Incidences of migration failure grew 42% between 2014 and 2016, according to a new study surveying over 1,500 professionals from Vision Solutions. The largest companies, which had 1,000 employees or more, were most likely to have experienced such an event.
The top reasons for migration failure were an inability to start applications on the new server in the required timeframe and a lack of testing that resulted in late discovery of issues.
Although inadequate tools may have held some responsibility for the migration failures, the report found the human factor — especially employee training and planning — played a key role.
Companies migrate between platforms for a variety of reasons such as performance concerns, server consolidation and system upgrades or replacement. The key to making such a migration a success is performing it in the least disruptive way possible, and this is where the human elements of strategy, skills and training come to play.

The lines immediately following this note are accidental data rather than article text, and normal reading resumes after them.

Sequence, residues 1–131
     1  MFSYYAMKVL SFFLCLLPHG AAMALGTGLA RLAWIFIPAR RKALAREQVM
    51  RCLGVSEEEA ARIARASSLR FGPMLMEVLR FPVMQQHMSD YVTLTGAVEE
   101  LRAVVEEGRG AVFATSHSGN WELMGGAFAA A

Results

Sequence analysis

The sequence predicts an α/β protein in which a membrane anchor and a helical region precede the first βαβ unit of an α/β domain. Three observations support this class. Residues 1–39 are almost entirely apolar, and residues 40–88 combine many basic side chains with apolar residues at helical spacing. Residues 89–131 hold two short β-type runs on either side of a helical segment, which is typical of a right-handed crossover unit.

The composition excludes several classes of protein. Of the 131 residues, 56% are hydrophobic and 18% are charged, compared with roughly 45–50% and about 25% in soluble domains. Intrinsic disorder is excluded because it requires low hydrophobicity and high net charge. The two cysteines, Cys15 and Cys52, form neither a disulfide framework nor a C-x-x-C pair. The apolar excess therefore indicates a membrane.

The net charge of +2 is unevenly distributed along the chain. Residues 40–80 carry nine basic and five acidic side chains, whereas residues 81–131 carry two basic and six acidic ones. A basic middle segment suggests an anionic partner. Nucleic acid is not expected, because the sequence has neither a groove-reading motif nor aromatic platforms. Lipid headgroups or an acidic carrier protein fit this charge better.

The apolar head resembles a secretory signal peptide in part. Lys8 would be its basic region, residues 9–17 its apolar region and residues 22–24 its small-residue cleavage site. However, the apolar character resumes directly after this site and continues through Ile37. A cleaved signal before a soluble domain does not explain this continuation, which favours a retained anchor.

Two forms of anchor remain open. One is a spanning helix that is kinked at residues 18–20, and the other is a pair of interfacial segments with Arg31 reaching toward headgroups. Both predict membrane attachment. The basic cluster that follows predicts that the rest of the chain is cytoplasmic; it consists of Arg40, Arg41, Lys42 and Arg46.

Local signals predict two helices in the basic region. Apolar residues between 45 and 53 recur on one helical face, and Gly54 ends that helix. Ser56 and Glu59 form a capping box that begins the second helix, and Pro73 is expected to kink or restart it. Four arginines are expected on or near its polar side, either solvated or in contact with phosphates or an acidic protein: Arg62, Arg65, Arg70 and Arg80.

The downtime required during a migration can be painful and expensive for the average company and can cause many to shy away from beneficial migrations in favor of the status quo. However, with the number of companies conducting digital transformations, the status quo can hurt an organization's competitive edge.
Companies would do well to plan, test and deploy continuous uptime solutions in a unified approach that removes risk, according to Vision Solutions.